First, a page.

Sysmon 11 — DNS improvements and FileDelete events

Olaf Hartong
Apr 28 · 7 min read

The latest release of Sysmon brings a bunch of improvements and introduces EventID 23. Great thanks to Mark for allowing me access to the beta builds.

Please have a look at his video talking about this new release. A great new way of Mark to talk about all new Sysinternals features


  • Empty strings are replaced with “-“ to work around a WEF bug
  • Adds DnsLookup configuration entry to support disabling of reverse DNS lookups
  • Adds copy-on-delete support to preserve files specified by SID of deleting account, file extension, executables, or specific processes, including logic to preserve files that are shredded (overwritten before delete)
  • Avoids hashing main data stream when it’s marked with FILE_ATTRIBUTE_RECALL_ON_DATA_ACCESS, which is used by cloud storage services like OneDrive and Dropbox
  • Synchronously processes ProcessAccess events to ensure that it occurs before the responsible process terminates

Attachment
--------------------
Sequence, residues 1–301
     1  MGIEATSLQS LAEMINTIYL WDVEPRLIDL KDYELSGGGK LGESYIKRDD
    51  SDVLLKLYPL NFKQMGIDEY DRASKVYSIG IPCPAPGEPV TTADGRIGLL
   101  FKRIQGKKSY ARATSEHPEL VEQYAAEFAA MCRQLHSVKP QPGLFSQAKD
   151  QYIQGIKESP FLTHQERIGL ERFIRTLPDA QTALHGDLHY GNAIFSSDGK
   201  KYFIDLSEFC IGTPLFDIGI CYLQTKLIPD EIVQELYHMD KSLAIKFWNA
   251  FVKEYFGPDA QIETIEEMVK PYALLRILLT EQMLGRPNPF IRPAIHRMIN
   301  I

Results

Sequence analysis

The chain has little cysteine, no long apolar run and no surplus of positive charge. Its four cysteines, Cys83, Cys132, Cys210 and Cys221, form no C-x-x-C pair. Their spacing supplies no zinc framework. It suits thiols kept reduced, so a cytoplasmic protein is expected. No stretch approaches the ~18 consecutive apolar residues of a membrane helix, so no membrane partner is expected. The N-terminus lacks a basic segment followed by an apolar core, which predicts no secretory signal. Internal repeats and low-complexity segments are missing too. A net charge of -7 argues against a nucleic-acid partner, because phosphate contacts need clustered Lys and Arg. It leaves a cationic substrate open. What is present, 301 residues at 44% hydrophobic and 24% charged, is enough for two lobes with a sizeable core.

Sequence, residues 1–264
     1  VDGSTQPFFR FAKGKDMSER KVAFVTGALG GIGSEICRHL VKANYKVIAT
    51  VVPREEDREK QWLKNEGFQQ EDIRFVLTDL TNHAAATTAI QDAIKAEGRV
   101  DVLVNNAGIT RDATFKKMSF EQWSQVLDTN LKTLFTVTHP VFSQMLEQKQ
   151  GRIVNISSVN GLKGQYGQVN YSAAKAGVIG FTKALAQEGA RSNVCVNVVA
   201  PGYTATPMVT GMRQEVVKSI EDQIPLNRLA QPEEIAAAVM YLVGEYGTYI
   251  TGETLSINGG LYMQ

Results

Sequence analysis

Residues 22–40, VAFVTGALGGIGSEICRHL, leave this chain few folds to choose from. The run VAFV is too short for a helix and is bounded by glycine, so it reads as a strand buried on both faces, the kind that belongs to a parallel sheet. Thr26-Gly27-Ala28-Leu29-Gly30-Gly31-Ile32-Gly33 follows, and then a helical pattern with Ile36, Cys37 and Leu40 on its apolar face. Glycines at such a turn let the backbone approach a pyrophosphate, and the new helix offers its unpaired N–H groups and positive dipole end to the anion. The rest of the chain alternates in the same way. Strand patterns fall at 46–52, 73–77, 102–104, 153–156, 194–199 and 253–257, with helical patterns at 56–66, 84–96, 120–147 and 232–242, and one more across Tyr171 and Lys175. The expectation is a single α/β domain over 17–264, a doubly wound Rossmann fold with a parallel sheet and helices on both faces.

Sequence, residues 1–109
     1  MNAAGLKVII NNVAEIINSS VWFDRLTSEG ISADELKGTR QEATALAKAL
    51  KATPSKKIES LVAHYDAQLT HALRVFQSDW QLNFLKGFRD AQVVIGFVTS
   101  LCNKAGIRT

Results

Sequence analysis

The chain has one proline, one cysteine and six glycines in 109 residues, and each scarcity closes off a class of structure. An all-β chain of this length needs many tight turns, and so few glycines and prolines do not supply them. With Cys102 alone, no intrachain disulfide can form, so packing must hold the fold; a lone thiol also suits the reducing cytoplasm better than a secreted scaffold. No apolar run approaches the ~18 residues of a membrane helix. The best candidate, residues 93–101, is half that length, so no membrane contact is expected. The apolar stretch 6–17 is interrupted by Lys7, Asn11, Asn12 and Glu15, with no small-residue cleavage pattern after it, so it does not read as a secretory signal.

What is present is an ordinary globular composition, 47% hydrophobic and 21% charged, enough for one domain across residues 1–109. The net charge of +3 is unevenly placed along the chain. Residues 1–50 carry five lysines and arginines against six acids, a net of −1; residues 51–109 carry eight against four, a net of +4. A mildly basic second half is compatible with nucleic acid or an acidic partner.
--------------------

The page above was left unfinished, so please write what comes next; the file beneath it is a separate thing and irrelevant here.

• Sysmon now uses non-executable non-paged pool
  • Several bug fixes addressing configuration parsing issues


A copy of the new schema is available here

DnsLookup configuration option

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Example configuration header

You can validate its setting with Sysmon.exe -c

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Dns lookups disabled

New: FileDelete Events

Archive directory

-a sets the Archive Directory, this will be placed in the c:\ root. By default this folder is set to Sysmon, you can also configure this in the config file with the <ArchiveDirectory> setting.

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An example install with the ArchiveDirectory set to C:\falconforce